2014 Stanford Delegation

2014 Stanford Delegation
Stanford Delegation in the UCA Chapel

Tuesday, March 29, 2011

Revisiting Double Consciousness: The Twoness of the Seventh Son in the Global World

Hello Followers,

The following are my thoughts that I gathered after our second day of being in El Salvador. Since our return, I have had a full on reflection and will be posting that soon. Until then, I present this to you for your reading pleasure and mental stimulation.


One hundred years after Bro. du Bois chronicled our souls, the Negro, the Colored, the African-American, the Black man is the still the Seventh Son. Matured past our adolescence, we are comfortably into our adulthood, yet we still don our nascent veil. The second sight has colored and dominated our American experience with, yes more bad than good, more ugly than beauty. Yet, our half-brothers and sisters were still baffled when Sis. Michelle stated that she was proud of our country for the first time in her adult life.

America the beautiful, “father of the free world”, has still left his bastard children, the sons and daughters of fake love and forced sex, in this awkward space where we are acknowledged in public but not so sure if he penciled us in to his will. That’s why a customs form in a Salvadoran airport gives this Seventh Son pause. The form asks for nationality. A first time traveler away from my earthly father’s land, this was a new experience for me. I have always existed in a situation where I had to qualify my claim to my American name with a “Black” or “African”. So in reading the form, everything in me says to follow suit with business usual and write “Black”. But I know the expectation is to simply write “American”. Such a funny thing for my fatherland to engrain in me! In my own home, I am not valued as an equal child, but the rest of world still sees me as a privileged son of my American household. I cannot even begin to protest their assumptions or even try to explain myself. And how can I? Nobody is even asking!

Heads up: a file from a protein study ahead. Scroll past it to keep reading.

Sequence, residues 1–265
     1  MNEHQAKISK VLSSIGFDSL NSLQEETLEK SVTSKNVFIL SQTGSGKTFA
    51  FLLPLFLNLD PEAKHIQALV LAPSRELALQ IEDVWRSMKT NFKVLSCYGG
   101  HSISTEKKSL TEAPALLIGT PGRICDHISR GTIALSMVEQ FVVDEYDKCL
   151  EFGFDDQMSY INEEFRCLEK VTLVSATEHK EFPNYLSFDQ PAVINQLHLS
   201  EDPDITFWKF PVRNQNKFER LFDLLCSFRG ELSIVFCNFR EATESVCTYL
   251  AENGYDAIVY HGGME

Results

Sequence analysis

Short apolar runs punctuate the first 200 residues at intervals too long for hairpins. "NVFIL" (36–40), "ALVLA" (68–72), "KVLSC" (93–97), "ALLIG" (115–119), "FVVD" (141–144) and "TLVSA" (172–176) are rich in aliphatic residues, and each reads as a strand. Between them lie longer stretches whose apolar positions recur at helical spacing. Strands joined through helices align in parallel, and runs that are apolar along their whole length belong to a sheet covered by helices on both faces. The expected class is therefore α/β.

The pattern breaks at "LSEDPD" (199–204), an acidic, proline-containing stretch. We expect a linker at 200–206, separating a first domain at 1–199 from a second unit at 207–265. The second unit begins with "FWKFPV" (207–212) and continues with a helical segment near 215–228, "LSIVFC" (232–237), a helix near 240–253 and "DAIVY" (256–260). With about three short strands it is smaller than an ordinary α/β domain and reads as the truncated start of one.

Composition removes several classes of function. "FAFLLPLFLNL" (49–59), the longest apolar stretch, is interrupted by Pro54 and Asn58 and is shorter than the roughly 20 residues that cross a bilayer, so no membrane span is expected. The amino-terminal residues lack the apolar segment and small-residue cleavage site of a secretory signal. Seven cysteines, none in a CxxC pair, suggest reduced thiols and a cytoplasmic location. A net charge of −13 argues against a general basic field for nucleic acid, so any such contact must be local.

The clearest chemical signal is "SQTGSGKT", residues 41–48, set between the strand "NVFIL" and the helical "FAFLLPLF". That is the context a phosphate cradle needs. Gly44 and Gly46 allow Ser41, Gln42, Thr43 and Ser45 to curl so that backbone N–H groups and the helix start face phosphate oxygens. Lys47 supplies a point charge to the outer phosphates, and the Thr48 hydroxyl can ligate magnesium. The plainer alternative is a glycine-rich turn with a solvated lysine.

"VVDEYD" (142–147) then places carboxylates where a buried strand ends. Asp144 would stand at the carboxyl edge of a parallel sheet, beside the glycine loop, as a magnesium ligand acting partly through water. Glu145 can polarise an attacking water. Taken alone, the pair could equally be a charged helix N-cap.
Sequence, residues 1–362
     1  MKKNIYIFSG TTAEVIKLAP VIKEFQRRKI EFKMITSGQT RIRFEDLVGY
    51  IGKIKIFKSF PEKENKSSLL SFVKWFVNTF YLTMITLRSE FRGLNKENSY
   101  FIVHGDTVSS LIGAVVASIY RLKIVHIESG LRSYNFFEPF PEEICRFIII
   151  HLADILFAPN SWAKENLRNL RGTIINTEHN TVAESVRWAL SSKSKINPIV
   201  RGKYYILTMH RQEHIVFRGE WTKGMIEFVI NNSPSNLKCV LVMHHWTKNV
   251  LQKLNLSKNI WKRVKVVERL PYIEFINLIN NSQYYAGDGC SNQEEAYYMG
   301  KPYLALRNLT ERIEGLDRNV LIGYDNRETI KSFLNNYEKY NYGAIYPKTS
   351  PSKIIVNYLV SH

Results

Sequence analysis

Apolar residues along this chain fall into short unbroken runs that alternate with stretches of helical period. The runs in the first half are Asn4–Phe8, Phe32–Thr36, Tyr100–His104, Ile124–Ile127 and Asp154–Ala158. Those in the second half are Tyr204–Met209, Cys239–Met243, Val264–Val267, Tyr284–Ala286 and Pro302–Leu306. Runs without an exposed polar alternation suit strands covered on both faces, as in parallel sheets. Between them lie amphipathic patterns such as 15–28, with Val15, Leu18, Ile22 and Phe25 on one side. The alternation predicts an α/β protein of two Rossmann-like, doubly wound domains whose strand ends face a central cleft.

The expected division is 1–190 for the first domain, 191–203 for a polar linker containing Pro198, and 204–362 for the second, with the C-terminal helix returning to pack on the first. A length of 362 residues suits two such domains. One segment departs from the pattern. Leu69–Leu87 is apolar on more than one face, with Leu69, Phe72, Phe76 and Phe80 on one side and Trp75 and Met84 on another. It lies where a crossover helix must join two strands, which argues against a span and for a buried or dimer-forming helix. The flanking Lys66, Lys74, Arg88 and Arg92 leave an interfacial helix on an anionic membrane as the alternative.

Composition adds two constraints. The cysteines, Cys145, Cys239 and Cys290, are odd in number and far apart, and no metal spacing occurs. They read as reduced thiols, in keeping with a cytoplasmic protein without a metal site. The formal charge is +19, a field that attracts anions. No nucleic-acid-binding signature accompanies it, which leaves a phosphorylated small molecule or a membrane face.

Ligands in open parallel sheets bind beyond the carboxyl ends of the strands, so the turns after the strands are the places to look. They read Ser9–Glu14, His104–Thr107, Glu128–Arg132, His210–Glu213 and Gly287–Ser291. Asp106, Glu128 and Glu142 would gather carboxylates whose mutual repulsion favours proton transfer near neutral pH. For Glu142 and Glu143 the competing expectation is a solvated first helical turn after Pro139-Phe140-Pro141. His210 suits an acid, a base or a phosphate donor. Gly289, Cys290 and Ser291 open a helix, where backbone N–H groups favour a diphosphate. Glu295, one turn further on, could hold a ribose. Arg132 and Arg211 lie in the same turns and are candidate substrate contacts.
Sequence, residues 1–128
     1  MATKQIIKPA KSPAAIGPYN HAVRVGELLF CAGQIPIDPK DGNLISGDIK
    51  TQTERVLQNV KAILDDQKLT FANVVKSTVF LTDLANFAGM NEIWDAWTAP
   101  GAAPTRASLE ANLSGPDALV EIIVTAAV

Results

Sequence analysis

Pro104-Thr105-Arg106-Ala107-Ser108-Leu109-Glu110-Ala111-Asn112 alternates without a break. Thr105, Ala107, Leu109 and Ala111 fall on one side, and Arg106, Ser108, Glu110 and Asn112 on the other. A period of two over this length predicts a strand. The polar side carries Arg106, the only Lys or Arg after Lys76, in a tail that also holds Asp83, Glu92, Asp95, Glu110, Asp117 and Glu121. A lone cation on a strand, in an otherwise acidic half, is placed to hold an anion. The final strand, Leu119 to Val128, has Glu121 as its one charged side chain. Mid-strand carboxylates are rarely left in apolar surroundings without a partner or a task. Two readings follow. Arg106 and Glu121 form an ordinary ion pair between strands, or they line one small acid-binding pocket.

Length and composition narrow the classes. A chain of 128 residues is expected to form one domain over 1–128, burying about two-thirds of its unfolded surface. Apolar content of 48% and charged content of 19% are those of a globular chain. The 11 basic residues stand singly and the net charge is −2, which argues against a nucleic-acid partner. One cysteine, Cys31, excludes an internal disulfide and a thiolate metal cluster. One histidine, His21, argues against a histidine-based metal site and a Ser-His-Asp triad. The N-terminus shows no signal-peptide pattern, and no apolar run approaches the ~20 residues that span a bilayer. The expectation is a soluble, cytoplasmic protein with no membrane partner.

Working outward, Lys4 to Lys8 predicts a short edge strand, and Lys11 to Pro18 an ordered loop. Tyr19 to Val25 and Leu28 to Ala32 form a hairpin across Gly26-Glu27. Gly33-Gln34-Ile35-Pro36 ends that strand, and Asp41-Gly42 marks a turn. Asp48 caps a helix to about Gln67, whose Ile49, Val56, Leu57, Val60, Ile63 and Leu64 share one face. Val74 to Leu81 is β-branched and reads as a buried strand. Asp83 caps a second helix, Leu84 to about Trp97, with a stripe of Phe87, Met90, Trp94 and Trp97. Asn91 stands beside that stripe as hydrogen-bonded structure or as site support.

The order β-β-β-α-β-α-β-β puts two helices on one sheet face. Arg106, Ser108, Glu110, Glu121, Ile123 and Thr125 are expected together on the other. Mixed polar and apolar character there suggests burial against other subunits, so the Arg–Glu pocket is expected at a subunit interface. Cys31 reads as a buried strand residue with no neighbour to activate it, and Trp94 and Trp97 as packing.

And truthfully, it is unfair for me to think they would or even should consider to ask. Why should they make distinction between Americans? After all, all of us Americans do invariably prosper from the repression of our Salvadoran siblings. Moreover, how can I expect a consciousness of American racial woes to arise in their minds when the bruising construct of race has not wholly shaped their social inequalities? I mean not to present the case that El Salvador is free of racial oppression; the complete destruction and denunciation of the indigenous peoples, speaking of the Spanish language and usage of the American dollar goes to show the extent of White imperialism and manifest destiny. But at least in El Salvador, at least on the basis of skin color, there is no difference in appearance between those who removed baggage off the plane and those who sit in the National Assembly. In my American father’s house however, those who removed the bags off the plane might have looked liked the Salvadorans, starkly contrasting in appearance to the majority of our legislative body.